Predicting Migration to Developed Countries: The Place of Media Attention

Predicting Migration to Developed Countries: The Place of Media Attention

Mutiu Iyanda Lasisi (Infoprations Limited, Lagos, Nigeria), Rasheed Ademola Adebiyi (Fountain University, Osogbo, Nigeria) and Umar Olansile Ajetunmobi (Infoprations Limited, Lagos, Nigeria)
DOI: 10.4018/978-1-7998-0210-5.ch017

Abstract

Development communication experts posit that human migration occurs when people move from their home country into a new country in order to make a new home, or for other related reasons. In this chapter, authors examine how the media reportage of developed countries such as the United States of America, United Kingdom and among others which facilitate Nigerians' attention and establishing the extent to which they migrate to the countries using a quantitative approach. Though, data did not reveal significant prediction as expected, the partial prediction established that the volume of news coverage on developed countries would continue to enhance the citizens' movement into these developed countries.
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Introduction

Development communication experts (Raymer, 2017; Cummings, Pacitto, Lauro & Foresti, 2015; Bob-Milliar & Bob-Milliar, 2013 and Jacomella, 2010) posit that human migration occurs when people move from their home country into a new country in order to make a new home, a better living, to seek asylum and embrace a promising economic opportunity or for other related socio-economic and cultural reasons. Similarly, ‘conflict, poverty, inequality and lack of decent jobs compel people to pursue a better future in foreign countries (United Nations, 2016, p. 2) while one in three Nigerians have considered emigration, mostly to find economic opportunity (Isbell & Ojewale, 2018). According to Cummings, et al., (2015), of these global migrants, more than 1 billion of them all over the world (World Economic Forum, 2017) might travel as irregular migrants or asylum-seekers/refugees. Irregular migrants comprise the ‘flow of people who enter a country without that country’s legal permission to do so (p. 9)’ while asylum-seekers leave their own country, often for political reasons or because of war, and travel to another country hoping that the government will protect them and allow them to live there (under the international law). Other international migration forms include voluntary (on the migrants’ freewill) and involuntary (forced, internally displaced, refugee and reluctant) (World Economic Forum, 2017).

From 1970 to 2015, there had been a geometrical progression in the movement of people globally. For instance, the IOM’s report of 2018 indicates that in 2000, an estimated 173 million people migrated globally. In 2005, 2010 and 2015, the figure rose to 191, 222 and 244 million respectively. Despite these figures, 2.3 million non-Africans, most of whom migrated from Asia and Europe turned to Africa in 2015 (International Organisation for Migration, 2018). According to the 2017 United Nations’ report on migration stock, about five million West Africans migrated to other continents in 2000 and out of this figure, five hundred thousand were Nigerians. In 2005, out of the 5.6 million West Africans who left the continent, about 1 million of them were from Nigeria. The figure rose to about 6 million in 2010; and during this period, about 1 million people left Nigeria. Five years later, about 1.2 million Nigerians were among the 7 million West Africans that migrated. In 2017, out of 6.7 million West Africans that deserted the continent, more than 1.2 million were Nigerians. Similarly, International Organisation for Migration’s (2018) report shows that 1.8 million and 1.7 million Nigerians migrated out of the country in 2012 and 2013, respectively. In fact, the report adds that out of the 21.8 million Africans living outside Africa in 2010, Nigeria recorded the 6th highest stock out of 10 African countries. Another striking revelation by Kirwin and Anderson (2018) as documented in OECD’s report indicates that 50% of Nigerians would leave their country if they had the means and the opportunity to do so.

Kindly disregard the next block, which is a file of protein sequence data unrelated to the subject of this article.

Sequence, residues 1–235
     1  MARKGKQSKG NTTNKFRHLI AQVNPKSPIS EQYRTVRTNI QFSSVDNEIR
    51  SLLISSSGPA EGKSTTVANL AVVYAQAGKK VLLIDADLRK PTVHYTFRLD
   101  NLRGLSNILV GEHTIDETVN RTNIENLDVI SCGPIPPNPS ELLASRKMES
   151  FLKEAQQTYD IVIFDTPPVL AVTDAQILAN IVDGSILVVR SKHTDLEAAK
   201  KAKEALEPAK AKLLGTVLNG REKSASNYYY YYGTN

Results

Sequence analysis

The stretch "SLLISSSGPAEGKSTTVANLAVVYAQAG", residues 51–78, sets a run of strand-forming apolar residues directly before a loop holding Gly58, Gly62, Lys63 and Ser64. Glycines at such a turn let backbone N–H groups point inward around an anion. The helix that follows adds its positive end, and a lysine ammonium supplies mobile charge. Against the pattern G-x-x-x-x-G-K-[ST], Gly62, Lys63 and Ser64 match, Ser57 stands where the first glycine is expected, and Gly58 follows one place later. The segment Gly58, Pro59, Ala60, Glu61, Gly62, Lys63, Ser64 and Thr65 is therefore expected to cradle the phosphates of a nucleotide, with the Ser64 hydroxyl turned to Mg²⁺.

Reports also indicate that between 2000 and 2015, Europe, Asia, North America and Africa were the continents Africans mostly migrated to. From 2000 to 2013, Nigerians found solace in United States of America, United Kingdom and some European (Germany, Spain, Italy, among others) as well as Asian countries. Interestingly, the underlying data from immigration statistics yearbooks of Canada and the UK, the US Statistical Abstract and World Development Indicators (2007) indicate that between 1977 and 2005, Italy and United States of America were the two countries Nigerians migrated to concurrently. The pattern changed to United States of America and Canada between 2005 and 2008.

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